If you’ve always wanted to move to New York, you may have dropped that idea after the outbreak of the pandemic. It’s true living in New York during COVID-19 is a different experience than it was before, but a time will come when there will be a vaccine.
The good news is that New York is no longer a pandemic hotspot. Governor Cuomo’s efforts have slowed the surge of recent cases. So rather than abandon your dream, just defer them until you feel the time is right to make your move.
People Come From Near and Far
Although people come to New York from different parts of the United States or from different parts of the world for many reasons, they all have one thing in common: the need for a change of pace. New York is famous for its upbeat, fast-paced lifestyle. People who love change, novelty variety, and excitement regard New York as the most exciting city in the world.
If you’re moving to New York from another state, you may be an artist, a writer, an intellectual, or an entrepreneur who envisions New York as a city rich in opportunities. Your company could also have decided to transfer you to their branch office there.
If you’re moving to New York from another country as an immigrant, a service like Homeis, financed by The Chernin Group (TCG), will help you manage the culture shock. Homeis offers new arrivals a digitally-based cultural network to share their interests with other people from their country of origin.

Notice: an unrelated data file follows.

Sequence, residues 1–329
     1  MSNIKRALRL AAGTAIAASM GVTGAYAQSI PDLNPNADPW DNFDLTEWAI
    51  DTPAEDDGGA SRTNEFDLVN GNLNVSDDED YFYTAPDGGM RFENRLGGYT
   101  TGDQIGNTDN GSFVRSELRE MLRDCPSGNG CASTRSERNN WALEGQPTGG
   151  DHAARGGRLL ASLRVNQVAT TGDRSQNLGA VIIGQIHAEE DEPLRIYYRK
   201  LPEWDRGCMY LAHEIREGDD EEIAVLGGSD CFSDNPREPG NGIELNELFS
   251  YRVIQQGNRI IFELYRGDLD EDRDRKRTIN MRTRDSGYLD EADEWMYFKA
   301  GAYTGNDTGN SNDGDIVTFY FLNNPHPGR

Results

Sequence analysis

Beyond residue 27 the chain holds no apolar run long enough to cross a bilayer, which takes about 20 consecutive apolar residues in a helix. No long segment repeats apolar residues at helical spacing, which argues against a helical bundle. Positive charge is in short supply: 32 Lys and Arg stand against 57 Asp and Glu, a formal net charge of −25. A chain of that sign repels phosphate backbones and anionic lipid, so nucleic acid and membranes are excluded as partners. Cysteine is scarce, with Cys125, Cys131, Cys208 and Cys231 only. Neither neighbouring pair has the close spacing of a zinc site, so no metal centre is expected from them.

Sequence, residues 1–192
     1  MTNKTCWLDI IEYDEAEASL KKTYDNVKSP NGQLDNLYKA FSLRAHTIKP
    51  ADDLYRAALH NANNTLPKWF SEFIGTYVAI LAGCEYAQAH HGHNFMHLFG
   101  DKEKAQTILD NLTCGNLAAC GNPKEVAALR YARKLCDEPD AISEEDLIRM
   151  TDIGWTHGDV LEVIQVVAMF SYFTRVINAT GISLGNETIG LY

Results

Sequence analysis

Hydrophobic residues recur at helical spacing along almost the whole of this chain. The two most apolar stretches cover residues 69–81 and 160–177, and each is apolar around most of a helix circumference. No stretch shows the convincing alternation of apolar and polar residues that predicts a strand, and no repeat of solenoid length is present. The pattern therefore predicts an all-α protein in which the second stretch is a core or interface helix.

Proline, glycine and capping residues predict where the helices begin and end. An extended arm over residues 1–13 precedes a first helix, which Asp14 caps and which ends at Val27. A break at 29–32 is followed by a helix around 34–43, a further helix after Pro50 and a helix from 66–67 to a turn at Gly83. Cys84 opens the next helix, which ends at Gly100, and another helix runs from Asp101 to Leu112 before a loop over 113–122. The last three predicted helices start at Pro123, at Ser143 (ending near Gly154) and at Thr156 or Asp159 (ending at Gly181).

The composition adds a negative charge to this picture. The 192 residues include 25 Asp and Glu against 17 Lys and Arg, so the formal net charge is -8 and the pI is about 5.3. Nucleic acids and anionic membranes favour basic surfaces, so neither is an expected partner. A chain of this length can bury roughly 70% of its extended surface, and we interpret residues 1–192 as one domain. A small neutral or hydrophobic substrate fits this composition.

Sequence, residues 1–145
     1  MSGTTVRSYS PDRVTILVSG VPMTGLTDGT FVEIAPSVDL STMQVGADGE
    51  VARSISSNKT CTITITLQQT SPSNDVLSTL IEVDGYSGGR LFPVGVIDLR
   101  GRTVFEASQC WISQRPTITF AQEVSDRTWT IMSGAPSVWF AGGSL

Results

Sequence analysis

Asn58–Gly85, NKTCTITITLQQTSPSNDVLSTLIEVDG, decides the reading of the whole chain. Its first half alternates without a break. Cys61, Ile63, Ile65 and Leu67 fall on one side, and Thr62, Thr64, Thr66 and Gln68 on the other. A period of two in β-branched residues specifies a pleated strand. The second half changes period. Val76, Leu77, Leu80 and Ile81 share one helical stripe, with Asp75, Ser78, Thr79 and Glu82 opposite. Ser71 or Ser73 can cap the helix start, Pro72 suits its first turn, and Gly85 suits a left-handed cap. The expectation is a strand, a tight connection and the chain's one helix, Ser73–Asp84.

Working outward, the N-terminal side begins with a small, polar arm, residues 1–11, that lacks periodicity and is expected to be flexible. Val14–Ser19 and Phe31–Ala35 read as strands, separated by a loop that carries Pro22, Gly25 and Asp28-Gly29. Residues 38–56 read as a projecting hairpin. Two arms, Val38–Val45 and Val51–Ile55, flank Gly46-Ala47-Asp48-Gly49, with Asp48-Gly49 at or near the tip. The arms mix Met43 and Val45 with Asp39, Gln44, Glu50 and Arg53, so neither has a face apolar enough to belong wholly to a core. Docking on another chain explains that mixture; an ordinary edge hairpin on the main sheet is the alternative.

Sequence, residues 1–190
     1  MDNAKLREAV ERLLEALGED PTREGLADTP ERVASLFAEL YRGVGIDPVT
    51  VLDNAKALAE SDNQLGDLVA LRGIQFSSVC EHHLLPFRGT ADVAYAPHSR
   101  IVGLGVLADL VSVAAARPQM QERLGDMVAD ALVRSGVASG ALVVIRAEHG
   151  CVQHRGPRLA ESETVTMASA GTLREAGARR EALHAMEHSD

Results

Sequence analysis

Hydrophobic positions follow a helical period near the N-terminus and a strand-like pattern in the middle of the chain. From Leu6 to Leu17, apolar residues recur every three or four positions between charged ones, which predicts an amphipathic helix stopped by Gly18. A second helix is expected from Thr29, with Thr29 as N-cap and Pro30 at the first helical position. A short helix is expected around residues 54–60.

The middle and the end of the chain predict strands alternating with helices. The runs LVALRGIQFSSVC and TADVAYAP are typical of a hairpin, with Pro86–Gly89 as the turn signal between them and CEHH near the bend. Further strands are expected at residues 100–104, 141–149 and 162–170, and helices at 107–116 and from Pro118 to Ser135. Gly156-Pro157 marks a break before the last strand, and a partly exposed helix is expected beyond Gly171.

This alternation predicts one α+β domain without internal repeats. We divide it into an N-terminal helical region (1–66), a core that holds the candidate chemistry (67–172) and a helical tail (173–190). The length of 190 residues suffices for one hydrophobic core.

What to Do When You Arrive in New York City
Here are 4 tips for moving to New York.
1. Take It All in
When you first arrive, you might be in a hurry to adapt as quickly as possible before you explore the big city. Instead, decide to practice “shoshin” the minute you step off the plane, train, car, bus, or moving truck that brought you to the city. This interesting word is borrowed from Zen Buddhism and the Japanese martial arts. It roughly translates to “beginner’s mind.” A beginner is someone with the right attitude. They’re open, eager, and naive. Since they don’t have any preconceptions, they relish the thrill of discovery.
2. Travel Light
New York is not spacious. You might soon discover that there isn’t enough space for your favorite furniture when you arrive. If you decide to risk it and see how things go, your Lazy Boy Microfiber Recliner might end up in the kitchen.
3. Learn to Get Around
Do you need a car in NYC? If you’ve lived in the country or in another big city, you might assume that you do. But you may or may not need one depending on the distance between where you live, shop, and work. You might, for example, be only within walking distance of schools, stores, restaurants, hospitals, and your office. And even if something isn’t within walking distance, it might only be a short drive away. So, it might be simpler to avoid parking hassles and traffic jams by taking the metro, hailing a taxi, or calling for an Uber. So, if possible, get an idea of transport logistics before you arrive.
4. Settle in Slowly
If possible, rent by the month when you first arrive. Don’t commit to a six-month or annual lease. If you’re not happy with where you live or work, you’ll have the flexibility to relocate. Don’t be in a hurry to commit to a long lease until you get a feel for where you want to live and what you want to do in New York.
Overall, New York is the place to be if you want a city with endless options for anything you want to do or if you’re looking for more personal, career, and cultural opportunities. It’s a big, bewildering, exciting, and scary place. When you first arrive, it’s time to make memories. If you’re in too much of a hurry to get over your sense of shock and awe and try to adapt as quickly as possible when you arrive, you’ll miss out on the thrill of first impressions..